Question: I’m a 56-year-old teacher and my husband recently passed away. I own the home in which I live, but do not have a pension or any investments. All my monies are in public provident funds, national savings certificates, and bank deposits. However, I will receive Rs. 20 lakhs from my husband’s life insurance policy. How should I invest this money? I have no children. A financial adviser at my bank wants me to put it into a unit linked life insurance, but I’ve heard that this is good only for the person selling it. What should I do?


My sincere condolences on the loss of your husband. The bank ‘adviser’ is looking at this as an ‘investment’ issue for you to handle. Of course she is also looking at this as a sales opportunity too!

To me investing is a very small part of your overall money management. From what you have said you actually need to create a ‘box’ (well I would have said corpus for somebody other than a History teacher) which will let you draw money for the rest of your life. On an assumption that you want to create adequate income support after 4 years from now (and corpus exhaustion) let me tell you what to do.

Did you see the question change from ‘how do I invest Rs. 20 lakhs’ I have made it into a life and philosophy question?
Your question now is : What steps should you be taking now to increase your odds of having a secure and comfortable retirement?

That means you’ll have to start thinking about issues such as how much income you’ll need to maintain an adequate standard of living once you retire and whether you can expect the resources available to you (which appears to be the assets you already hold in debt instruments and the proceeds from your husband’s life insurance) to generate the amount you need.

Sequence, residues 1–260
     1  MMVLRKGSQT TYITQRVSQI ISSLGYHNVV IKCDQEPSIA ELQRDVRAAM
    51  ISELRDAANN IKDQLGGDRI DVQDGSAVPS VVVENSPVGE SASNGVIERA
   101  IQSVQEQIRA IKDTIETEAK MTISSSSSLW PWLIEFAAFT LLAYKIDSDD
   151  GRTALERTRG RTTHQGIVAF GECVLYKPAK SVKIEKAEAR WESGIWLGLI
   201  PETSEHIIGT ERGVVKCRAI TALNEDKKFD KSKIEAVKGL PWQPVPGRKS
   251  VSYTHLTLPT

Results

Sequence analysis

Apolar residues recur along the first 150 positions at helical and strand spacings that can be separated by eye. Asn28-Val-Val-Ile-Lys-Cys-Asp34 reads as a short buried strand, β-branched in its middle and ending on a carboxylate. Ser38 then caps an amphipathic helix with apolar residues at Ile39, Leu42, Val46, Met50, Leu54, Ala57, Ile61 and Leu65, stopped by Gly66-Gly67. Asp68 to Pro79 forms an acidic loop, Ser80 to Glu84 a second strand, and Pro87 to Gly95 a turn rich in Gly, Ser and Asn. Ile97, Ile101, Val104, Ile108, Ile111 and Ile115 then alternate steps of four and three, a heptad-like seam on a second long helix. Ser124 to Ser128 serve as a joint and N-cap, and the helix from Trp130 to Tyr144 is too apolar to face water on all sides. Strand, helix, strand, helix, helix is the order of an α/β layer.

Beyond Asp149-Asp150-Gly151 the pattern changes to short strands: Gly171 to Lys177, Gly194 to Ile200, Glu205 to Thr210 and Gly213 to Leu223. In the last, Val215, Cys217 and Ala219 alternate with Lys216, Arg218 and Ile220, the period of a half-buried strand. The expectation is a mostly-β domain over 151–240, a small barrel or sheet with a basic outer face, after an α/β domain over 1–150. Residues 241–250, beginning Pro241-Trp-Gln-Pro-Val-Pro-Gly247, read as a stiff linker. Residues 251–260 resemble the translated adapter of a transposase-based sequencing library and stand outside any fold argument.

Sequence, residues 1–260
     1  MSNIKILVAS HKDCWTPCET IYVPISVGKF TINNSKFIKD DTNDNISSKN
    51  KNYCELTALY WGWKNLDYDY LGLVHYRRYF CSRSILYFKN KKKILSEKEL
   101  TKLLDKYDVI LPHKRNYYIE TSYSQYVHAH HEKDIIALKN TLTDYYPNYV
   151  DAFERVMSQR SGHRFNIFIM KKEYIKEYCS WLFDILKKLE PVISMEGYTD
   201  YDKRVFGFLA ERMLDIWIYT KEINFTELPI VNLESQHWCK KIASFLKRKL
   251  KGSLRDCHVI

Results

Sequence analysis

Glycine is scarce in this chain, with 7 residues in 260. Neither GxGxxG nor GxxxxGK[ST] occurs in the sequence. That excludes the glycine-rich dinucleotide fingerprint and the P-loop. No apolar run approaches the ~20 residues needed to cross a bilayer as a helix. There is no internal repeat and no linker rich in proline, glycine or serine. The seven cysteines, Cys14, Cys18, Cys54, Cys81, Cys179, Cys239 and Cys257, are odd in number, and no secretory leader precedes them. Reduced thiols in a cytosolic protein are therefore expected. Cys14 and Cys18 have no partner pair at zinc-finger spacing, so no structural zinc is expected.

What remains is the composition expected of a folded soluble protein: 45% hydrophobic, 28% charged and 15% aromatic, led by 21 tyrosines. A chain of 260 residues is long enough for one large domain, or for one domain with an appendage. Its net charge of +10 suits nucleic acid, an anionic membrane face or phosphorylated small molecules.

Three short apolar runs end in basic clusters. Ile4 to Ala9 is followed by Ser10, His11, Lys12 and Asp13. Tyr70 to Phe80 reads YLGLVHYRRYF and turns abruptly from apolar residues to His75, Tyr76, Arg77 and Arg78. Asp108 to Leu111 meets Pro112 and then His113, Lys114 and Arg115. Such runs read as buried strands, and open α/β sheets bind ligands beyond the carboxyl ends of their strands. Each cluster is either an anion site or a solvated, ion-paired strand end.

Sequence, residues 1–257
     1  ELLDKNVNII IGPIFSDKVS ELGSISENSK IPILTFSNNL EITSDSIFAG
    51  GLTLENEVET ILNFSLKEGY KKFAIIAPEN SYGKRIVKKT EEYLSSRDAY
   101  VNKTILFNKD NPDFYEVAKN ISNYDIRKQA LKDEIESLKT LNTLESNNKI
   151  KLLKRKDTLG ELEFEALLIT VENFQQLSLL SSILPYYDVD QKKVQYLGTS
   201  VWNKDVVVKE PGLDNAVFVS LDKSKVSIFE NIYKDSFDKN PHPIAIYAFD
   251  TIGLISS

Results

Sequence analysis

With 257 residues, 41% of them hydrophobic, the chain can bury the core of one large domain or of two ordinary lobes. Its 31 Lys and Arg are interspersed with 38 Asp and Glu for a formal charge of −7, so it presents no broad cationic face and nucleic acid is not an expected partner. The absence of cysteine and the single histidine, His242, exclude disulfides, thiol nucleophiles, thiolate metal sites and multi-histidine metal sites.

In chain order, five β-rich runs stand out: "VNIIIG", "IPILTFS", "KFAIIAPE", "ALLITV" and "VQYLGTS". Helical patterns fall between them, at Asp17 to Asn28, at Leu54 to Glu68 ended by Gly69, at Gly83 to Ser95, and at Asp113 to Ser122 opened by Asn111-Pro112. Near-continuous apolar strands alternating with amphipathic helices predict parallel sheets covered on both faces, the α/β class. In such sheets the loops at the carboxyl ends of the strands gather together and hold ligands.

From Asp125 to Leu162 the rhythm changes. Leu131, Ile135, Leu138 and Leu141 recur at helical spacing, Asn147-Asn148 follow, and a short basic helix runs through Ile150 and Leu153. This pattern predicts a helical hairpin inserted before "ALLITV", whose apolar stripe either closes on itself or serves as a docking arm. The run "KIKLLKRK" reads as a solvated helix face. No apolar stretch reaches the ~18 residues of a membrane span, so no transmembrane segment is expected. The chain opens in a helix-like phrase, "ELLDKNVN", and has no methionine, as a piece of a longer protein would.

Currently you have about Rs. 38 lakhs in government securities, Rs. 16 lakhs in your husbands’ provident fund and the life insurance claim of Rs. 20 lakhs. This is a total corpus of Rs. 74 lakhs and your house which has a current market value of Rs. 100 lakhs.

First the good news – on a monthly expense of Rs. 12,000 – including your medicines your corpus should be more than sufficient to meet your day to day needs comfortably without cringing. Having said that it does not mean you can go about feeling ‘rich’ and sponsoring nephews thread ceremonies and nieces weddings like your husband used to do!

If the income your resources can generate falls below what you require, then you MUST look into ways to bridge the gap. You have also indicated that you will be able to work for 6 more years as the school you teach wants to keep you there. Immaterial of the money it is worth being in employment – it keeps you more engaged than a one person house. Also you get another 10 years in which to decide where to re-locate for the rest of your life.

The point is, you cannot look at investing options in a vacuum. How you decide to invest the proceeds of your husband’s life insurance policy will depend on factors such as how well prepared you are for retirement, how much you understand risk, mutual funds, bank fixed deposits, company fixed deposits, etc. How heavily you’ll be relying on those funds to generate current income – and how much of ‘emergency fund’ you wish to keep in a bank fixed deposit, company fixed deposit, etc.